he was looking for and in the end he had to ask his wife to
tell him where the corkscrew was.
MR. JAMES DUFFY lived in Chapelizod because he wished to
live as far as possible from the city of which he was a citizen
and because he found all the other suburbs of Dublin mean,
modern and pretentious. He lived in an old sombre house
and from his windows he could look into the disused distill-
ery or upwards along the shallow river on which Dublin is
built. The lofty walls of his uncarpeted room were free from
pictures. He had himself bought every article of furniture in
the room: a black iron bedstead, an iron washstand, four
cane chairs, a clothes- rack, a coal-scuttle, a fender and irons
and a square table on which lay a double desk. A bookcase
had been made in an alcove by means of shelves of white
wood. The bed was clothed with white bedclothes and a black
and scarlet rug covered the foot. A little hand-mirror hung
above the washstand and during the day a white-shaded lamp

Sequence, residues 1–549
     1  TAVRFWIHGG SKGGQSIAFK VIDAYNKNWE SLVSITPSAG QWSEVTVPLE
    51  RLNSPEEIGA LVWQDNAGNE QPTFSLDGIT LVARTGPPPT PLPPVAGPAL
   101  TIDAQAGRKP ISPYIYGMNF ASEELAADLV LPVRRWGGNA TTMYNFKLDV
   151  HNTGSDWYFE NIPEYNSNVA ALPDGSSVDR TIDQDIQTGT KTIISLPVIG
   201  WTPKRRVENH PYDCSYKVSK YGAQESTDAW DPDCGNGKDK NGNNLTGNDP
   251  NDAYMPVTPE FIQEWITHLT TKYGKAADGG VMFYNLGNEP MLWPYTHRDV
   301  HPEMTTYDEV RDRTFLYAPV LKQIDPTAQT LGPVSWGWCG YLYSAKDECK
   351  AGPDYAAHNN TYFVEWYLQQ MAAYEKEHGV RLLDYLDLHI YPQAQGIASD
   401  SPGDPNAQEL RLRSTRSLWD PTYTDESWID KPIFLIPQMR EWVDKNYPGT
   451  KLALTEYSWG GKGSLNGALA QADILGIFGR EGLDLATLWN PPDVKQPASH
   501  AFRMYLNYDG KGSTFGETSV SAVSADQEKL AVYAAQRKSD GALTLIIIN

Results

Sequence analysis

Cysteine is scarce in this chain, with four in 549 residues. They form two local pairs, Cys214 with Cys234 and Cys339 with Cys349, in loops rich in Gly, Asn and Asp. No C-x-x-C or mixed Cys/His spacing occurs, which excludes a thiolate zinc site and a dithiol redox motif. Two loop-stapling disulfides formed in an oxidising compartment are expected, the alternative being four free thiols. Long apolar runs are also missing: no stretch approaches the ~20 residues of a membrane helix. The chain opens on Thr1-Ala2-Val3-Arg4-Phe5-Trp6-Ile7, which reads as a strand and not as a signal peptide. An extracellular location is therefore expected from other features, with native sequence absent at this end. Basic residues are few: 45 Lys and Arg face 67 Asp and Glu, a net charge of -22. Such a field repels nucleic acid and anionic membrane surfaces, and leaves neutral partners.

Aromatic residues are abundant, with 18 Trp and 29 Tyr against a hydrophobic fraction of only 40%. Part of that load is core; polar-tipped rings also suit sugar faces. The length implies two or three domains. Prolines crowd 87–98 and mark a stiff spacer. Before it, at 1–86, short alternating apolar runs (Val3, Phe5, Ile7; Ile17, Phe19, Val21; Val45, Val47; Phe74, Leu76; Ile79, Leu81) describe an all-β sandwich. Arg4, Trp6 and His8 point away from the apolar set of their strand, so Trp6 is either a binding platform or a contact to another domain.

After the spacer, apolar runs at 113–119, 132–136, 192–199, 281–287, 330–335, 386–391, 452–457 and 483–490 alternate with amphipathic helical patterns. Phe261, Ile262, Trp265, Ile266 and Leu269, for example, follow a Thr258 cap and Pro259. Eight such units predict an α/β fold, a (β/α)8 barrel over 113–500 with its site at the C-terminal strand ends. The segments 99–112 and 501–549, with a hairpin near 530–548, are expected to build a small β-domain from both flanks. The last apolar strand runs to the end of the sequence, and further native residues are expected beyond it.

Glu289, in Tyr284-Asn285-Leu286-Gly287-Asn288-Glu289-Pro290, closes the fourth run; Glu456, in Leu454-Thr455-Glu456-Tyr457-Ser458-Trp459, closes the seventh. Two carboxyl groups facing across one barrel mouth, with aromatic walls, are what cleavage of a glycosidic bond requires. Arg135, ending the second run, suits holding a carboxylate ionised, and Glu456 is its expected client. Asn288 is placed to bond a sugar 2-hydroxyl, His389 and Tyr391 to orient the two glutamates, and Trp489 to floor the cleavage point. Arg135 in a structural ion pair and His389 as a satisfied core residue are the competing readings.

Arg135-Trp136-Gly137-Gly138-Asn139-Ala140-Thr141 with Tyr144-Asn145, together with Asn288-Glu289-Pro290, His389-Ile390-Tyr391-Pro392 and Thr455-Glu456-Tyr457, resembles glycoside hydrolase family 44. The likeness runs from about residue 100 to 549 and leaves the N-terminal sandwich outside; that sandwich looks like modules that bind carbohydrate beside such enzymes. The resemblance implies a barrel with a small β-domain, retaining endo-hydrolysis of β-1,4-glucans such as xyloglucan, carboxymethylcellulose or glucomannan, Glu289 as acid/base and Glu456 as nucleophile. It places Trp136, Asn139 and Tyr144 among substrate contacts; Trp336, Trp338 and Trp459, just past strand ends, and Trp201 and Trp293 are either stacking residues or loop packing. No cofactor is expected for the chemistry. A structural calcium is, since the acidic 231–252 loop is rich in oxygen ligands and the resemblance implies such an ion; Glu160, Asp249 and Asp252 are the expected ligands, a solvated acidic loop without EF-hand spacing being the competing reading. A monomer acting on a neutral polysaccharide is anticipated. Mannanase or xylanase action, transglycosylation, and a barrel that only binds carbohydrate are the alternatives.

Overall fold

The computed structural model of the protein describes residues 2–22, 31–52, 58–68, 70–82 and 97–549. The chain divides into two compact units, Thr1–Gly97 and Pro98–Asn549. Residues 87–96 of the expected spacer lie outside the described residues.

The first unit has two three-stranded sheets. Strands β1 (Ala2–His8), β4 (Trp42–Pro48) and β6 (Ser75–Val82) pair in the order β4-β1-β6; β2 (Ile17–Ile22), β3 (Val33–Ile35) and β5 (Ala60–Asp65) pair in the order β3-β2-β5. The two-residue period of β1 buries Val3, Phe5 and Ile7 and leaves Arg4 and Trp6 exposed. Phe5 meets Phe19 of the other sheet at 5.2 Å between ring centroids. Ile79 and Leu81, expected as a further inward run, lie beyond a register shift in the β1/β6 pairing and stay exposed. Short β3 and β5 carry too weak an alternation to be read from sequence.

stood as the sole ornament of the mantelpiece. The books
on the white wooden shelves were arranged from below up-
wards according to bulk. A complete Wordsworth stood at
one end of the lowest shelf and a copy of the Maynooth
Catechism, sewn into the cloth cover of a notebook, stood
at one end of the top shelf. Writing materials were always on
the desk. In the desk lay a manuscri pt translati on of
Hauptmanns Michael Kramer, the stage directions of which
were written in purple ink, and a little sheaf of papers held
together by a brass pin. In these sheets a sentence was in-
scribed from time to time and, in an ironical moment, the
headline of an advertisement for Bile Beans had been pasted
on to the first sheet. On lifting the lid of the desk a faint
fragrance escapedthe fragrance of new cedarwood pencils
or of a bottle of gum or of an overripe apple which might
have been left there and forgotten.
Mr. Duffy abhorred anything which betokened physical
or mental disorder. A medival doctor would have called him
saturnine. His face, which carried the entire tale of his years,
was of the brown tint of Dublin streets. On his long and
rather large head grew dry black hair and a tawny moustache
did not quite cover an unamiable mouth. His cheekbones
also gave his face a harsh character; but there was no harsh-